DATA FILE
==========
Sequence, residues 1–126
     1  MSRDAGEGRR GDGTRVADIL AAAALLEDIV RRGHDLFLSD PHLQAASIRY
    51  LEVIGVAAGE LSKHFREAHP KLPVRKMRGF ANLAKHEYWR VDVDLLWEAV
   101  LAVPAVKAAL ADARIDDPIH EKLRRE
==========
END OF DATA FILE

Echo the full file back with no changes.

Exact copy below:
Sequence, residues 1–126
     1  MSRDAGEGRR GDGTRVADIL AAAALLEDIV RRGHDLFLSD PHLQAASIRY
    51  LEVIGVAAGE LSKHFREAHP KLPVRKMRGF ANLAKHEYWR VDVDLLWEAV
   101  LAVPAVKAAL ADARIDDPIH EKLRRE